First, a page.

United Russia to candidates: show the public your money

Scrutinizing candidates’ expenses to be part of the fight against corruption
The ruling United Russia party is seeking ways to compel candidates to declare their expenses, following Prime Minister Vladimir Putin’s proposal.

­The party’s leadership is sizing up two ideas. It could oblige United Russia’s candidates to declare how much money they have spent. Another one entails adopting a draft bill this year that would force all deputies and officials to publicize their income and expenses.

The party will follow the advice of its head, Prime Minister Vladimir Putin, who spoke at a United Russia’s conference in Bryansk last week, suggesting that the party’s members should publicize not only their income, but expenses as well. This would boost transparency and stop corrupt politicians from being elected to the parliament.

The plan to scrutinize candidates’ expenses could be seen as part of the fight against corruption. More importantly, the party should think of tools to implement the idea, Putin said.

The issue of officials’ expenses had initially been raised back in 2008, when deputies of the State Duma were discussing the first package of anti-corruption laws submitted by President Dmitry Medvedev. In the summer 2010, the idea was floated again by Farid Mukhametshin, the Chairman of the State Council of the Republic of Tatarstan and Deputy Prosecutor General Aleksandr Buksman.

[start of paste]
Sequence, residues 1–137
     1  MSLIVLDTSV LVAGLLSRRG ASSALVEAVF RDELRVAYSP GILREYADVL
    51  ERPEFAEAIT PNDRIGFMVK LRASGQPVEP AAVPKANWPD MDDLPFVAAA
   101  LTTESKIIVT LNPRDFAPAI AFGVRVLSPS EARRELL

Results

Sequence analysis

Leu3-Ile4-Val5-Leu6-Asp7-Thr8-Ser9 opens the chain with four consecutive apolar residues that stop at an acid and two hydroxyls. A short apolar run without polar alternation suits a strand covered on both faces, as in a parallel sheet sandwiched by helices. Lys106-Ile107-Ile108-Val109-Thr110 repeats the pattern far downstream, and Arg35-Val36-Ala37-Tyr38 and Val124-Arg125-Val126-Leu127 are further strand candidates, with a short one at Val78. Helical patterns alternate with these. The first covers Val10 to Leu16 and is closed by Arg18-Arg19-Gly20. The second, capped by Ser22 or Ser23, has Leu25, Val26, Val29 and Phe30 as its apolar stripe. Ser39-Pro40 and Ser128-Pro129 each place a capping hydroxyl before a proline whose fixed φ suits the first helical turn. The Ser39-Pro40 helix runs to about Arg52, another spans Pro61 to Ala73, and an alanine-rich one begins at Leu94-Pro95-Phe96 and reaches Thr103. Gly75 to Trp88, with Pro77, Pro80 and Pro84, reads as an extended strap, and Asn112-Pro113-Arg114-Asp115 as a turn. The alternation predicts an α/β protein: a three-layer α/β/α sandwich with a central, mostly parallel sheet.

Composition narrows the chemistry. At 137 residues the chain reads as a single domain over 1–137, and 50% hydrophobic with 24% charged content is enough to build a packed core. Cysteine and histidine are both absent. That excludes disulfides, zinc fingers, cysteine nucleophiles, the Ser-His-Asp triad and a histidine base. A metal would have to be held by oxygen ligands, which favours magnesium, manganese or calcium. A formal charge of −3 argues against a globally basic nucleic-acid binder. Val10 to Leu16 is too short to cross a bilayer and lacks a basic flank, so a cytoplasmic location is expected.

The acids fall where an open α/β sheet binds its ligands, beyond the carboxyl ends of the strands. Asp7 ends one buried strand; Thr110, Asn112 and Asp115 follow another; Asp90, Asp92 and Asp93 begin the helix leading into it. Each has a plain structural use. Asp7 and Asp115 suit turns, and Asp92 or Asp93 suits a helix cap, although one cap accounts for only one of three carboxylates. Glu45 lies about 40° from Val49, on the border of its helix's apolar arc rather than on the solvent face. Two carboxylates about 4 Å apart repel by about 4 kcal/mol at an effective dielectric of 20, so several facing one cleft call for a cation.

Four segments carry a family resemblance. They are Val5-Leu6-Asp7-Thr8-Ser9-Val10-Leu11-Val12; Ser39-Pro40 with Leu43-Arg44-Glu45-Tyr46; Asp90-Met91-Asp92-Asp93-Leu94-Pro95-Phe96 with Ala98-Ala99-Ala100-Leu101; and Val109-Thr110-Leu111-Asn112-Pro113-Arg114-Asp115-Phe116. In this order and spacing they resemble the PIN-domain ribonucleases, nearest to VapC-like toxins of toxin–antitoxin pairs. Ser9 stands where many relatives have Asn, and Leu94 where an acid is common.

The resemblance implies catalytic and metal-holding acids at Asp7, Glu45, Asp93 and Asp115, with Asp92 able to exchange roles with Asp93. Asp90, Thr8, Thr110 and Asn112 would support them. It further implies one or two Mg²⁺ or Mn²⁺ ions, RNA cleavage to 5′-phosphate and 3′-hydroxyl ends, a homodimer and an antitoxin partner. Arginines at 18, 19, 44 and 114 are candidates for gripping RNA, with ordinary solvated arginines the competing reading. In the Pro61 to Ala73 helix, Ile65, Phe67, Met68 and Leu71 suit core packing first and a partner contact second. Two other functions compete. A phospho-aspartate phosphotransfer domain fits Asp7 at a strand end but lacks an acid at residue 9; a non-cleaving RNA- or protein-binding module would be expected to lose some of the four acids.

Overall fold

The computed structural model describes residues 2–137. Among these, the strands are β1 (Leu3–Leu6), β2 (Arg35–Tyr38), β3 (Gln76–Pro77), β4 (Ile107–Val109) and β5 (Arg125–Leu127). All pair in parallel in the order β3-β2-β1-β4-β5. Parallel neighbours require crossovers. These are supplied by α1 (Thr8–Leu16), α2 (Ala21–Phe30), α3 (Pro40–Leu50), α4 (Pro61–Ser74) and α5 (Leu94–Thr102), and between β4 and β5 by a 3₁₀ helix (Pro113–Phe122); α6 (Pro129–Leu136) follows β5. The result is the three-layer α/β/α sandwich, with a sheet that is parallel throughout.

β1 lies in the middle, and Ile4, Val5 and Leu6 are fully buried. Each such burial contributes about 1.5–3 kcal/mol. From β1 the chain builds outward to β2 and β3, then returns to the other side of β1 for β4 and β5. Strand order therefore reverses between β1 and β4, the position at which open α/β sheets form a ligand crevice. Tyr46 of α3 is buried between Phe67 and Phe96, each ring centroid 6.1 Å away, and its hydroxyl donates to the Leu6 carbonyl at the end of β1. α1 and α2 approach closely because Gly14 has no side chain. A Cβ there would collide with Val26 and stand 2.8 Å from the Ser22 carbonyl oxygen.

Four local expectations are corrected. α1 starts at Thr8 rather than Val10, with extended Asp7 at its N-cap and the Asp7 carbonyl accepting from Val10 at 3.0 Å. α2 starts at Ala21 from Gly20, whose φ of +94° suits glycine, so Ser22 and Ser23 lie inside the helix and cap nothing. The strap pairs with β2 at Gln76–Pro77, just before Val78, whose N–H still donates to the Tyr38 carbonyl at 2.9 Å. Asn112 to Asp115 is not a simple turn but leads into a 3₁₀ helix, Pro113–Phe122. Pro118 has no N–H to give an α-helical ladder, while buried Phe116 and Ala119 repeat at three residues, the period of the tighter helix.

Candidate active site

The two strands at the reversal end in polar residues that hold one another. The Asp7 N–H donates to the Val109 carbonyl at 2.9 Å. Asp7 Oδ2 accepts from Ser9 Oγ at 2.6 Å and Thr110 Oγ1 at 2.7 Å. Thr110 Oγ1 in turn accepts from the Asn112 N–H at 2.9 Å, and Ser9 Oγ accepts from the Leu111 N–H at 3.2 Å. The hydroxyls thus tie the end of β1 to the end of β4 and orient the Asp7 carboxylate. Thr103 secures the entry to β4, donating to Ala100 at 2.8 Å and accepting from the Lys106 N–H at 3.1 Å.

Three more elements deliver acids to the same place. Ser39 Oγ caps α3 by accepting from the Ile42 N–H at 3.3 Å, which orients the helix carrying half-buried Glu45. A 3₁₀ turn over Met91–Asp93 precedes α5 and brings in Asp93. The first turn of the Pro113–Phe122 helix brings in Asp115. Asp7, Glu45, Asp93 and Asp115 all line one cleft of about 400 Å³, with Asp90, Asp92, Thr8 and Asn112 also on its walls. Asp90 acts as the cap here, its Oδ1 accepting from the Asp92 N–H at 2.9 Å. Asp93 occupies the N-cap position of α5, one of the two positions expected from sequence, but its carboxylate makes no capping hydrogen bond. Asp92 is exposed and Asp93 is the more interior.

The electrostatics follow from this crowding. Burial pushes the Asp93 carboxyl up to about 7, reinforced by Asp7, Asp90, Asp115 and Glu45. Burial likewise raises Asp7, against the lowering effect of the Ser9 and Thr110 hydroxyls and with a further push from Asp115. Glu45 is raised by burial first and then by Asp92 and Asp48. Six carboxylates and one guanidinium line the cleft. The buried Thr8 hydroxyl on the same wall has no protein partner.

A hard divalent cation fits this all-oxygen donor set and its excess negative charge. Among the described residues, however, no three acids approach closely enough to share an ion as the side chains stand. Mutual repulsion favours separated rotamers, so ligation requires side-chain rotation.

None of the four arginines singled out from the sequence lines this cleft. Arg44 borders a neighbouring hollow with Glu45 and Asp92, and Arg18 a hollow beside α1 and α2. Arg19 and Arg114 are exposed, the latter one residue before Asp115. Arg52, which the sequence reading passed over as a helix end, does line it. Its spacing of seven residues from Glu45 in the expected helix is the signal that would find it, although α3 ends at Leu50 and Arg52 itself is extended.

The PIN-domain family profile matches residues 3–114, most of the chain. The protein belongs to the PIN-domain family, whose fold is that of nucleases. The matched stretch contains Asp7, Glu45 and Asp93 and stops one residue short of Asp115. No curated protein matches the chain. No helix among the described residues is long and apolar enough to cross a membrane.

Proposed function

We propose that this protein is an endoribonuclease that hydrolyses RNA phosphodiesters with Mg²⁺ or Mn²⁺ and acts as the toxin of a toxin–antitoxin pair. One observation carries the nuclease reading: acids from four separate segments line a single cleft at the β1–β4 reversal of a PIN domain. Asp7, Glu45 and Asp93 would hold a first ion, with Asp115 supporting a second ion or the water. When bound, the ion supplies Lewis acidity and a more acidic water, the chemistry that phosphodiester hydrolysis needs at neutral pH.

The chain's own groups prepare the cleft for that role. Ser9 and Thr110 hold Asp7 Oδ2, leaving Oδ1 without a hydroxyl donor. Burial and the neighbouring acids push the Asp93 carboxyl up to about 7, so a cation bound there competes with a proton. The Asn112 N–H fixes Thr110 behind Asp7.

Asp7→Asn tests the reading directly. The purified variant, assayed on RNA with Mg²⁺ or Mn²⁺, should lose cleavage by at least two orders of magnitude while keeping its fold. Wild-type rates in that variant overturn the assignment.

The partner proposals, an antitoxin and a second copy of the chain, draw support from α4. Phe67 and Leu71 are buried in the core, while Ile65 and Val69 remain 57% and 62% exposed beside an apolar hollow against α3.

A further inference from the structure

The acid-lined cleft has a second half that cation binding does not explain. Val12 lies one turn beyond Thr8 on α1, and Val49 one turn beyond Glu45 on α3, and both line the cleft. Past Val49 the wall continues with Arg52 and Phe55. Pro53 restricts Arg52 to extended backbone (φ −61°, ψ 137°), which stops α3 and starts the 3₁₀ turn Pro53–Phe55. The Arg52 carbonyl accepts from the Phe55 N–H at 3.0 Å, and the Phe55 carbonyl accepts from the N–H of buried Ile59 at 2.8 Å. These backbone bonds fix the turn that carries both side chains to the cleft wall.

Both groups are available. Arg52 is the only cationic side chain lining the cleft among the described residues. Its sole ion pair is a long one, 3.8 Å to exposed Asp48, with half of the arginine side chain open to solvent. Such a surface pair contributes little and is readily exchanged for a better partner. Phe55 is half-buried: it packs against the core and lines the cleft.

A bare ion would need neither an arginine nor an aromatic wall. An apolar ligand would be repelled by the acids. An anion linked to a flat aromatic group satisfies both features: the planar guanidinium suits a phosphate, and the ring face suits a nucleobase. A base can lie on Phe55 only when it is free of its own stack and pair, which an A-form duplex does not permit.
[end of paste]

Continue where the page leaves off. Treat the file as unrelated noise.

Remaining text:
Although State Duma deputies have never opposed the idea, they have not taken any practical steps, either. But they are likely to follow in the footsteps of Putin’s statement. United Russia may submit a draft bill to the lower house of parliament, the party faction’s deputy chairman Valery Ryazansky told Kommersant daily. Otherwise, the party would only oblige its own candidates to declare expenses, he said. First of all, the decision would affect candidates running in the Russian parliament elections.

The relevant draft bill may be prepared this year, according to Aleksey Volkov, who chairs the parliament’s commission on legislative measures to fight corruption. Deputies of all levels and officials would be counted among those having to declare their expenses, he said.

Currently, personnel departments oversee candidates’ income declarations. But it is not clear who will carry out the same function concerning expenses. Volkov believes that this should be the tax service or even law enforcement agencies – should there be any accusations or publications that emerge in the media.      

The Communist Party’s faction had earlier submitted a draft bill to the State Duma aimed at ratifying Article 20 of the UN Convention against Corruption. The UN clause declares a significant increase in the assets of a public official “that cannot be explained reasonably” to be a criminal offence.